If you want to know who really controls Curis, Inc. (NASDAQ:CRIS), then you'll have to look at the makeup of its share registry. Insiders often own a large chunk of younger, smaller, companies while huge companies tend to have institutions as shareholders. Companies that used to be publicly owned tend to have lower insider ownership.
With a market capitalization of US$80m, Curis is a small cap stock, so it might not be well known by many institutional investors. Our analysis of the ownership of the company, below, shows that institutions are noticeable on the share registry. We can zoom in on the different ownership groups, to learn more about CRIS.
What Does The Institutional Ownership Tell Us About Curis?
Many institutions measure their performance against an index that approximates the local market. So they usually pay more attention to companies that are included in major indices.
Curis already has institutions on the share registry. Indeed, they own 14% of the company. This implies the analysts working for those institutions have looked at the stock and they like it. But just like anyone else, they could be wrong. If multiple institutions change their view on a stock at the same time, you could see the share price drop fast. It's therefore worth looking at Curis's earnings history, below. Of course, the future is what really matters.
It would appear that 9.0% of Curis shares are controlled by hedge funds. That worth noting, since hedge funds are often quite active investors, who may try to influence management. Many want to see value creation (and a higher share price) in the short term or medium term. As far I can tell there isn't analyst coverage of the company, so it is probably flying under the radar.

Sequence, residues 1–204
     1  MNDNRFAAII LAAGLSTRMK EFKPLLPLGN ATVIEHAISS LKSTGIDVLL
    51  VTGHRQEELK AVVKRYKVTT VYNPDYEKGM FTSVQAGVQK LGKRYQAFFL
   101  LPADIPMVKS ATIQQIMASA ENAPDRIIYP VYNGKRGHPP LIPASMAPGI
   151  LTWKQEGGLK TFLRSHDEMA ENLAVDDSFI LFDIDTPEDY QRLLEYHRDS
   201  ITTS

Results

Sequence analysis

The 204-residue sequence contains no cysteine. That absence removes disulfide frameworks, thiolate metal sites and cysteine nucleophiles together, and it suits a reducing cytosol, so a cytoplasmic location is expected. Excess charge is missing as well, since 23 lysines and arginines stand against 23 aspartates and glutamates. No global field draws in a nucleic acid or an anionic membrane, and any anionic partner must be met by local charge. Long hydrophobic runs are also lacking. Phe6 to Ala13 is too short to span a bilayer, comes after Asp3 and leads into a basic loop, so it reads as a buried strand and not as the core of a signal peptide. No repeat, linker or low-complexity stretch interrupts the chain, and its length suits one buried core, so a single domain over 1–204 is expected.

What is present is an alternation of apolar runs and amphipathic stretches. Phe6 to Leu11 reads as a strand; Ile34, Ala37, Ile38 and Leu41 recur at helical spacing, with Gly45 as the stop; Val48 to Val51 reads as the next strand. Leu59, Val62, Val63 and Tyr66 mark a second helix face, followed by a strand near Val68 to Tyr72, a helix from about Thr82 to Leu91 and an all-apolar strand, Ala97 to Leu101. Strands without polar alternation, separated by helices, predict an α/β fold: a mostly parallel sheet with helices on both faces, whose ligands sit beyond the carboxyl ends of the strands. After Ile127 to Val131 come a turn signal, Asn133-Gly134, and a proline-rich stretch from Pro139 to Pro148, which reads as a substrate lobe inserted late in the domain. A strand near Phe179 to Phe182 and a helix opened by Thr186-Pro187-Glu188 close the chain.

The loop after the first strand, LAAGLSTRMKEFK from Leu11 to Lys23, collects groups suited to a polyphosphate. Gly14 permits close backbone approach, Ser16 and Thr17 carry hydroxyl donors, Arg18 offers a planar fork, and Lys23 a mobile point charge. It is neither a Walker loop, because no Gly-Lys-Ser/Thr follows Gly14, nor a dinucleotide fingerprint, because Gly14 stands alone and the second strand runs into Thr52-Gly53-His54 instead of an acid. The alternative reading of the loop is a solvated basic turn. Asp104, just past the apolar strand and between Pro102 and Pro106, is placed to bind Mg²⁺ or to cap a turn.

Insider Ownership Of Curis
The definition of an insider can differ slightly between different countries, but members of the board of directors always count. The company management answer to the board; and the latter should represent the interests of shareholders. Notably, sometimes top-level managers are on the board, themselves.
I generally consider insider ownership to be a good thing. However, on some occasions it makes it more difficult for other shareholders to hold the board accountable for decisions.
Our most recent data indicates that insiders own less than 1% of Curis, Inc.. It seems the board members have no more than US$520k worth of shares in the US$80m company. I generally like to see a board more invested. However it might be worth checking if those insiders have been buying.
General Public Ownership
The general public, who are mostly retail investors, collectively hold 60% of Curis shares. With this size of ownership, retail investors can collectively play a role in decisions that affect shareholder returns, such as dividend policies and the appointment of directors. They can also exercise the power to decline an acquisition or merger that may not improve profitability.
Public Company Ownership
Public companies currently own 16% of CRIS stock. It's hard to say for sure, but this suggests they have entwined business interests. This might be a strategic stake, so it's worth watching this space for changes in ownership.
I find it very interesting to look at who exactly owns a company. But to truly gain insight, we need to consider other information, too.
Many find it useful to take an in depth look at how a company has performed in the past. You can access this detailed graph of past earnings, revenue and cash flow .
Of course, you might find a fantastic investment by looking elsewhere. So take a peek at this free list of interesting companies.
NB: Figures in this article are calculated using data from the last twelve months, which refer to the 12-month period ending on the last date of the month the financial statement is dated. This may not be consistent with full year annual report figures.
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